It's no secret that golfers are well paid for what they do. What is less reported is that for the elite - the multiple major winners whose exploits have made them household names - it is away from the course where the real money is to be made.
Sponsorships, course design work, celebrity appearances and any number of endorsements mean that for someone like Rory McIlroy, whose career earnings already run into the tens of millions, prize winnings account for only a fraction of his total income.
That is why golf's own rich list is dominated by those players who have been around for a while. Rory may be catching up quickly, but with several decades of endorsements behind them it is the old guard who dominate the top of the list. And at the very top of the pile is the daddy of them all.
Arnold Palmer, with seven majors to his name and a loyal army of enduringly affectionate fans, is golf's singularly most wealthy individual. Arnie's endorsement for a product is still worth its weight in gold. And since Arnie has been energetically putting his name to a host of golfing merchandise for more than half a century it is easy to see why his fortune of a cool $675 million is as substantial as it is. Arnie has a drink named after him as well as an airport and countless other less dramatic products. There is a happy accident of demographics that means Arnie's generation are still spending freely, and they, along with legions of younger fans, clearly retain a strong affection for the man they used to hail as 'the King'. At 86 years of age, Arnie is still the main man.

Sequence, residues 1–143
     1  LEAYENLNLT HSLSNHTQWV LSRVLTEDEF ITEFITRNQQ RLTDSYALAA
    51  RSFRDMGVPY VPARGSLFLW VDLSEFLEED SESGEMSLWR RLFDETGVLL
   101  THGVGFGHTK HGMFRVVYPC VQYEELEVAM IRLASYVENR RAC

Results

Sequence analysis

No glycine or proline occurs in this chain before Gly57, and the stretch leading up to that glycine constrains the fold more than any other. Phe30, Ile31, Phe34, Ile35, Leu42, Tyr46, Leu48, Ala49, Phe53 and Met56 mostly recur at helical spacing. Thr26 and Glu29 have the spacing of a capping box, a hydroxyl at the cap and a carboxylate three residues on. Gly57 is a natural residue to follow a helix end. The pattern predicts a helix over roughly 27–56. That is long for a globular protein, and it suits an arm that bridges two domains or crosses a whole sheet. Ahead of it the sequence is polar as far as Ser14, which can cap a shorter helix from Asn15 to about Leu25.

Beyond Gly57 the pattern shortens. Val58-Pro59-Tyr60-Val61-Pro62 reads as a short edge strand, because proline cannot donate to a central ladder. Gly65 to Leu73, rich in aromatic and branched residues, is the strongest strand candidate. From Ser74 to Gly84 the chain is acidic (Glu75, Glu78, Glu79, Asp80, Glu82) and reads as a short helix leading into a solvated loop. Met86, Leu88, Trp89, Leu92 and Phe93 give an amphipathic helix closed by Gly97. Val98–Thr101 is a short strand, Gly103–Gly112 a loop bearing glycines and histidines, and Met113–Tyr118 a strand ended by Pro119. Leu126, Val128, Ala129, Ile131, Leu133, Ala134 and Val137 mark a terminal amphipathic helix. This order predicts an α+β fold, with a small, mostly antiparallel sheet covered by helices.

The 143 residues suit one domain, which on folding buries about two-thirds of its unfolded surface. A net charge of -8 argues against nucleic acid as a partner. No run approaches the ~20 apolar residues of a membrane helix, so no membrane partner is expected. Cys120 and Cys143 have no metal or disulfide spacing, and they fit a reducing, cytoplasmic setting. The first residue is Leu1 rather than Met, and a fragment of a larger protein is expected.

Tiger Woods' herculean feats take some beating but even Tiger has to take second billing in this list. Of course, the unfortunate events of 2009, his subsequent divorce, and an all-too-painful decline in form have since slowed the rate at which Tiger fills the coffers, but it is worth noting that even allowing for his recent problems her remains amongst the most highly paid athletes in the world today. His enduring relationship with Nike as well as his seemingly undiminished international profile ensures that his net worth of $550 million is still an eye-watering figure. And Tiger is still only 40.
Whether or not his career returns to the heights he once scaled, Woods can already boast 14 majors, 79 US career wins (second only to Sam Snead's 82) and 40 European tour wins (which puts him third on the European all-time list behind Seve Ballesteros and Bernhard Langer). No one in the modern era comes close to matching his pan-global winning record or the absolute competitive dominance he achieved at the height of his powers.